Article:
Those in Wisconsin experiencing economic difficulties may, at some point, consider filing for bankruptcy. Although people often hope for a fast, streamlined process, Chapter 13 bankruptcy can sometimes take up to five years; but, unlike Chapter 7, allows them to save their assets when filing. Of the approximately 1.175 million bankruptcies that were filed in the United States in 2012, 30 percent of the filings were Chapter 13 while the remainder were Chapter 7. Those who file Chapter 13 repay most, if not all, of their debts through a manageable budget plan that is tightly controlled and overseen by a court-appointed trustee.

Chapter 13 bankruptcies are more common in the South for economic and cultural reasons. Some say Southerners are more likely to opt for a Chapter 13 bankruptcy versus Chapter 7 because people in the South are culturally inclined to repay their debts. People also have a fear that if they are unable to save their house, then they may not have a chance to own another house in the future, which is usually a false belief.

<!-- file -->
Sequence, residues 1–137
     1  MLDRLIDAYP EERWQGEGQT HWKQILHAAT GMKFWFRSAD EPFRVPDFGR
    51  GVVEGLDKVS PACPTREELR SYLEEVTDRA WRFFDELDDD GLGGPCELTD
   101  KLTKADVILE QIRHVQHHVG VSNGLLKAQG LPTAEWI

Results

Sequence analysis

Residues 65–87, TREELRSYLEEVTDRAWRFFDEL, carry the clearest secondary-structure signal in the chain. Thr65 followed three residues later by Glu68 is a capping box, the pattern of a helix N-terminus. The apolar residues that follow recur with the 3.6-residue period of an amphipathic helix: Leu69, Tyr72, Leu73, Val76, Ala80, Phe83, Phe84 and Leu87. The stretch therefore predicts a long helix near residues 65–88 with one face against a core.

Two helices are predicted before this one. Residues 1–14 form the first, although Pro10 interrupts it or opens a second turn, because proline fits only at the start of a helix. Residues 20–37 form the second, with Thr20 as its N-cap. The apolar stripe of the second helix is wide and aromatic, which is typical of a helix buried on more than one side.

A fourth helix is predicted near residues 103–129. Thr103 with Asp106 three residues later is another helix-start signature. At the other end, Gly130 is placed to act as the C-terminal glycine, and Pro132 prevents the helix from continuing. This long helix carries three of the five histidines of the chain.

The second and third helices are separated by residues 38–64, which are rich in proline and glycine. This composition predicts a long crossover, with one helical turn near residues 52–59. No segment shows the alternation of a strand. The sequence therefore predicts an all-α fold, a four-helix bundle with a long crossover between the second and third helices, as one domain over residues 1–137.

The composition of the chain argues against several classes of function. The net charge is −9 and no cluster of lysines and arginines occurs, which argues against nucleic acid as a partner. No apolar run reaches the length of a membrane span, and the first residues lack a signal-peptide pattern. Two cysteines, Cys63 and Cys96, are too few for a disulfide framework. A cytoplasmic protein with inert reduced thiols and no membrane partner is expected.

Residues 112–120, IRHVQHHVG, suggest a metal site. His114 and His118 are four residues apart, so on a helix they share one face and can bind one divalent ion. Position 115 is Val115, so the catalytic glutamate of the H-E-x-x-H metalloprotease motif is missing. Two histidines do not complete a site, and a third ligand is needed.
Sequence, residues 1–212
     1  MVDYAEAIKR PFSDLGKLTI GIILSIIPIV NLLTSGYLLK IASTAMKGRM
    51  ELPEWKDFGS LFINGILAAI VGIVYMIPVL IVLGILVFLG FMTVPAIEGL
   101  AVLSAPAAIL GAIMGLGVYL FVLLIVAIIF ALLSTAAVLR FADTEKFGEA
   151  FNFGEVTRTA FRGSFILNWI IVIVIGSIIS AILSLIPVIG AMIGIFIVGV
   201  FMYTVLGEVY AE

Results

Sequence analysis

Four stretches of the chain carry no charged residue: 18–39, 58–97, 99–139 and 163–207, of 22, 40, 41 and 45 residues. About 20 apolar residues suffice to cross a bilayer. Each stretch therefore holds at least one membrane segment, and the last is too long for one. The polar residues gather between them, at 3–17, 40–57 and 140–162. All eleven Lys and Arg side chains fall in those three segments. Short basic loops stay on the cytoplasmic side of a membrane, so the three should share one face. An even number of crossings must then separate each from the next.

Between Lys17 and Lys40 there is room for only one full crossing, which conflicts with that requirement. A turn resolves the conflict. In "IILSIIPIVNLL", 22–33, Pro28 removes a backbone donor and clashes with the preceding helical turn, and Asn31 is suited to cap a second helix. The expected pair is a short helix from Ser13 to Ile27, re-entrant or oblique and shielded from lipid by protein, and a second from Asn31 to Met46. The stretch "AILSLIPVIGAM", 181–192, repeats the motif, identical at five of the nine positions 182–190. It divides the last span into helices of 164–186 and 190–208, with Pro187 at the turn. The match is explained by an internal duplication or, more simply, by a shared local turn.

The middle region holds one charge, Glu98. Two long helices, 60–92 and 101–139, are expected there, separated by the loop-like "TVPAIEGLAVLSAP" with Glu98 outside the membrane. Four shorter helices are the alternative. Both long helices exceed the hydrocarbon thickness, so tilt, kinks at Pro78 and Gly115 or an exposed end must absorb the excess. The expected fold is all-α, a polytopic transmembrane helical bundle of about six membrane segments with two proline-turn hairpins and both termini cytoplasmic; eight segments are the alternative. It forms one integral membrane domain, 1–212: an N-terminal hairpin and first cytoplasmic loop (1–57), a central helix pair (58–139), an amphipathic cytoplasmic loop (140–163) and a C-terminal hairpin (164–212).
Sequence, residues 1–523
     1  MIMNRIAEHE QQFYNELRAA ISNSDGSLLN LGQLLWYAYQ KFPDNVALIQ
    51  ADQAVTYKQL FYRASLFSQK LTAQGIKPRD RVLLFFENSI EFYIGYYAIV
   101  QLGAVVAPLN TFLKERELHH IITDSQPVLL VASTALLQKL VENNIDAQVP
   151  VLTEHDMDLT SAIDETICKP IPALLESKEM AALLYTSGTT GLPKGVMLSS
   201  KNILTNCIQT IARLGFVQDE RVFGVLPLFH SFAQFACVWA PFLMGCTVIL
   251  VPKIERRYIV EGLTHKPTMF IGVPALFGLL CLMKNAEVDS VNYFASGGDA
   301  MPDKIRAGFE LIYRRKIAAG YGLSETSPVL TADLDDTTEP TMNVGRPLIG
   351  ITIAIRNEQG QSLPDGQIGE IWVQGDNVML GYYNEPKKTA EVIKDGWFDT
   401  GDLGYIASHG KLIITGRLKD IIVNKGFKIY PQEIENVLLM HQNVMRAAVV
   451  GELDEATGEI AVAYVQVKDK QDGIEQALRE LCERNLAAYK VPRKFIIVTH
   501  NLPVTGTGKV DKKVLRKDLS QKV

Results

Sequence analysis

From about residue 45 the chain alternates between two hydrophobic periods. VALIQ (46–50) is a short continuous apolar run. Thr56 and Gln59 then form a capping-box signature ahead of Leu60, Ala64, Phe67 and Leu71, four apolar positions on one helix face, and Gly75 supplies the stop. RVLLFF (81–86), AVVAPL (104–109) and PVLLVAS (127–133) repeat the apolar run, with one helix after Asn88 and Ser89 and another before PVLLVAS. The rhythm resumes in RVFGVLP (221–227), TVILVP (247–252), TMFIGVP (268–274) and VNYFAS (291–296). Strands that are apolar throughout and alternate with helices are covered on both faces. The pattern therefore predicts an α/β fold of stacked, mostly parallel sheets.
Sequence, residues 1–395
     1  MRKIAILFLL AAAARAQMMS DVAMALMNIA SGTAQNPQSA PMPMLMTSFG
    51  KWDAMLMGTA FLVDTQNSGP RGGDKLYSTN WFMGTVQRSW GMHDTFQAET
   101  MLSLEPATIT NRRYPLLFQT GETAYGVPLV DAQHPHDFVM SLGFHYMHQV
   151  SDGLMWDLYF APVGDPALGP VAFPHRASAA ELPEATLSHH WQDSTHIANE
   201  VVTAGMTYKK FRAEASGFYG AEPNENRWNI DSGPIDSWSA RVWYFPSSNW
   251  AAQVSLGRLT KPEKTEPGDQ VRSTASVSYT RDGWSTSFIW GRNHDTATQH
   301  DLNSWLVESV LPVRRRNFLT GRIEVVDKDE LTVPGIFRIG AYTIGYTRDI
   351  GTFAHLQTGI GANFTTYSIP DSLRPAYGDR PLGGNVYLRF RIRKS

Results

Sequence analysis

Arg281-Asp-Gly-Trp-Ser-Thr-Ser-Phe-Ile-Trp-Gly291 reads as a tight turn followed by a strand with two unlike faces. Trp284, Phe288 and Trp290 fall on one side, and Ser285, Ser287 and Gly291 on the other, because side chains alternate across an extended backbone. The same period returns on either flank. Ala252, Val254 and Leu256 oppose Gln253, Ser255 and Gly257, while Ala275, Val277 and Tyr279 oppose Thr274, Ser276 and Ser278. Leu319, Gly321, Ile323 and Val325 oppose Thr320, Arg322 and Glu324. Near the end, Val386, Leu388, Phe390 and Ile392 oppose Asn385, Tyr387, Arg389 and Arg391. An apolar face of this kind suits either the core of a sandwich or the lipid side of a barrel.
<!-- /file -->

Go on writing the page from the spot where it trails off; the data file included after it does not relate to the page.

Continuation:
The bankruptcy process begins with attending a credit counseling session and obtaining a certification. Participants are asked questions about their income, assets, expenses and goals. Those who earn above their state’s median income level must complete a test which compares income to obligations.

Many people prefer Chapter 7 bankruptcy because they do not wish to be in debt for several years. Others choose Chapter 13 in the interest of causing minimal disruption to their children’s lives. Working with a lawyer who is experienced in bankruptcy law can help people who are considering bankruptcy decide which option best fits their situation.

Source: Fox Business, “Chapter 13 Bankruptcy: How it Works”, Susan Ladika, May 09, 2013